The tyranny of the majority: The culture of conformity in the local television newsroom

Russomanno, Joseph Anthony. 
 University of Colorado at Boulder ProQuest Dissertations Publishing,  1993. 9423537.

Abstract (summary)

The relationship between the public and its sources of information is a substantial one. As advances in communication technology create more information options, this relationship becomes even more critical to society. The prominence of television news within American culture is well-documented. Television newscasts are now the public's primary source of information. It is therefore on the shoulders of television news managers where an enormous responsibility lies. In examining the corporate culture of the television newsroom, then, this vital channel of communication between the American people and a variety of institutions is better understood.

This study examines the local television newsroom from a variety of theoretical perspectives, using relevant literature, interviews, and a survey as data bases. Supported by the same philosophical underpinnings which fortify the First Amendment, it is posited that there is perhaps no better meeting place for free expression and a private, non-government setting than the local television newsroom. The production and reporting of news on television is an endeavor which has at its heart creativity. Journalists work best when they are allowed to be creative within the context of their work. To foster creativity, environments which permit and encourage the exploration of ideas which lie outside narrowly-drawn, professionally accepted norms are required. Those tend to be surroundings characterized by freedom--freedom of thought and of expression. Organizations which establish these kinds of environments increase their opportunities for success.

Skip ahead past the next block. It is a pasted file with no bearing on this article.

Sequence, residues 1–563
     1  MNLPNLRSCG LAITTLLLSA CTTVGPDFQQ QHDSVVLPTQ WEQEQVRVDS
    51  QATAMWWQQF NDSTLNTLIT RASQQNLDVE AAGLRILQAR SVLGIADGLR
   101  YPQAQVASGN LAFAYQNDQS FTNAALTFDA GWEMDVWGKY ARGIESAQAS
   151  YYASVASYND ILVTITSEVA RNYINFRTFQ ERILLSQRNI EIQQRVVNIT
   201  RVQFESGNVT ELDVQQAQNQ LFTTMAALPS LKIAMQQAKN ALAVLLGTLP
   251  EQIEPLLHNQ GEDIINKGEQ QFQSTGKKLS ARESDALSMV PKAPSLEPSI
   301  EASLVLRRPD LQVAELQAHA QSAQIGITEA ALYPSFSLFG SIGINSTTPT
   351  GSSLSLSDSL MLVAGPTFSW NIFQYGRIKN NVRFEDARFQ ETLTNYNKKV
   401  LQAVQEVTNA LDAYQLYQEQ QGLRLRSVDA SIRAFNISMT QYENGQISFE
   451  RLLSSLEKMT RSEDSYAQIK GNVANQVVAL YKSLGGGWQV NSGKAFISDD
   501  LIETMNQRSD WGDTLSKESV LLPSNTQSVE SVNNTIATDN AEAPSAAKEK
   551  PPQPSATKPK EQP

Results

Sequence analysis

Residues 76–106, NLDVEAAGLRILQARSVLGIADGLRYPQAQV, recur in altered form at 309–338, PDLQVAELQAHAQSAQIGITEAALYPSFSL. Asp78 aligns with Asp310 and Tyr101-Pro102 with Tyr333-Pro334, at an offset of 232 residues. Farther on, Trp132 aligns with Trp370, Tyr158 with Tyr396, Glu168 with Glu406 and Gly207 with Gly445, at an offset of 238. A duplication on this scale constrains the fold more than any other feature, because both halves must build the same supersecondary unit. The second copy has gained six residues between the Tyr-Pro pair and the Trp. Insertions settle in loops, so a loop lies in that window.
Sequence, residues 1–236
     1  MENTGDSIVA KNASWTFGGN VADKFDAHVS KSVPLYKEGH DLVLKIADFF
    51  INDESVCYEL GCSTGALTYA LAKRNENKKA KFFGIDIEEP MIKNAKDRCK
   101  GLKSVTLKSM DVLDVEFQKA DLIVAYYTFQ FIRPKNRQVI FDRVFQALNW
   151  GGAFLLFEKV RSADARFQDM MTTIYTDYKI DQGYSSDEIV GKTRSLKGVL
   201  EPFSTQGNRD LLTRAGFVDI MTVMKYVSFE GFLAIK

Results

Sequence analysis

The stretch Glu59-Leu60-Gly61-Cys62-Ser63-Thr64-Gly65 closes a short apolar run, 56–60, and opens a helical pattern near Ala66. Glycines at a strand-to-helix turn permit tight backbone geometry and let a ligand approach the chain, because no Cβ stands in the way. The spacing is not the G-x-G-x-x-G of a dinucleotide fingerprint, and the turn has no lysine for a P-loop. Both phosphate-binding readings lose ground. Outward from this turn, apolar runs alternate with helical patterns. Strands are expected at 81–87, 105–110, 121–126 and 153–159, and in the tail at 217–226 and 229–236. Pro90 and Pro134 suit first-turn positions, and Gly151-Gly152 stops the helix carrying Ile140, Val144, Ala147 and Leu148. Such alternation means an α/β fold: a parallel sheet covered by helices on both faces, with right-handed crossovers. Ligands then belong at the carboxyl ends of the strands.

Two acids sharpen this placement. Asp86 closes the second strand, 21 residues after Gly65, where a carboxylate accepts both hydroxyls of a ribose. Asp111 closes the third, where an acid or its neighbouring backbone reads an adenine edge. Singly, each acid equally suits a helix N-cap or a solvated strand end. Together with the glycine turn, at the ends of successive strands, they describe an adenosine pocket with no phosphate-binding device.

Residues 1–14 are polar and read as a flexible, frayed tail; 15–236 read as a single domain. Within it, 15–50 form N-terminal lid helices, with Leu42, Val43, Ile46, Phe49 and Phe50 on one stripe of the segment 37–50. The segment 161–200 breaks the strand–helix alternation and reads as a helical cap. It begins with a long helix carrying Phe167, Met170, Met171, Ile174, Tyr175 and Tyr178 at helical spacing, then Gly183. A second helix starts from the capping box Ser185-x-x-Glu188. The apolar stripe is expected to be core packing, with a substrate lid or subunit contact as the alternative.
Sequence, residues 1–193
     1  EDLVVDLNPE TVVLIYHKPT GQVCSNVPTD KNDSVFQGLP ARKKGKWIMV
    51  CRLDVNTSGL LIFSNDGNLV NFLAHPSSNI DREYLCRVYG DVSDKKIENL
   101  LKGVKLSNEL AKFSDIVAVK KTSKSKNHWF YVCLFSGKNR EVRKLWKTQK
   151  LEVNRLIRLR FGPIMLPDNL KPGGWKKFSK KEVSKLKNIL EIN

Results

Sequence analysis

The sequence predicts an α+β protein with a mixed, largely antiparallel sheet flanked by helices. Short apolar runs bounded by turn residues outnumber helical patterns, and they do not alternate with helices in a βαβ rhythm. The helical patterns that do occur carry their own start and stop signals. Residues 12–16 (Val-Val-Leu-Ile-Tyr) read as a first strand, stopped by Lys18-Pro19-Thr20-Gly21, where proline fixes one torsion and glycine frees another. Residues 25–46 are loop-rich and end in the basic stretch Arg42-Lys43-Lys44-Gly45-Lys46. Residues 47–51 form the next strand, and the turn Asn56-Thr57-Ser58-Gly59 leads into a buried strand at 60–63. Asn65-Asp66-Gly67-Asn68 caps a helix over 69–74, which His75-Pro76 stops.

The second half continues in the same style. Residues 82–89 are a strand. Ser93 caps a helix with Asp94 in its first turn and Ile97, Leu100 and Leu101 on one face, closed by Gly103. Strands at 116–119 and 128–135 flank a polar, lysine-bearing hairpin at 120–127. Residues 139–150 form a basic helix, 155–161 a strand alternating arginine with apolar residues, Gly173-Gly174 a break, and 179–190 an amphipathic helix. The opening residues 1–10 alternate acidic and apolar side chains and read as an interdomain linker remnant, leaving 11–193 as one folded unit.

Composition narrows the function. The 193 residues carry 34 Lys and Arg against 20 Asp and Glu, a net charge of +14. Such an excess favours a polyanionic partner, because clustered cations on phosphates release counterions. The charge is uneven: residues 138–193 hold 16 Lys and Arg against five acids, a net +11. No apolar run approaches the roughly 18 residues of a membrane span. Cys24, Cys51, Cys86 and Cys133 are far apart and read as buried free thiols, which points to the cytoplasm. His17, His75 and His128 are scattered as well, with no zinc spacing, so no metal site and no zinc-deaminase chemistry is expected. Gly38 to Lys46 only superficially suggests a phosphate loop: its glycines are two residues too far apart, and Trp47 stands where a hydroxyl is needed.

Instead, the newsroom workplace is often a culture of conformity. The ability to step outside accepted procedures and practices, thereby infusing the product with greater creativity, is typically discouraged. Local television journalists are dissuaded from even expressing thoughts which could potentially become foundations for creative insight. A sizable portion of newsroom employees say they have been punished or penalized in some manner merely for expressing opinions which may conflict with those of their managers. This study resulted in a clearer picture of the television newsroom, its culture, and the extent to which it permits free expression and nurtures an environment in which creative ideas can emanate. That these ideas may ultimately translate into more relevant and responsible sorts of journalism, television newsrooms may enhance their contributions to society.

Indexing (details)

Mass media;
0708: Mass media
0391: Journalism
0454: Management
Identifier / keyword
Communication and the arts; Social sciences
The tyranny of the majority: The culture of conformity in the local television newsroom
Russomanno, Joseph Anthony
Number of pages
Degree date
School code
DAI-A 55/05, Dissertation Abstracts International
Place of publication
Ann Arbor
Country of publication
United States
Trager, Robert
University of Colorado at Boulder
University location
United States -- Colorado
Source type
Dissertation or Thesis
Document type
Dissertation/thesis number
ProQuest document ID
Database copyright ProQuest LLC; ProQuest does not claim copyright in the individual underlying works.
Document URL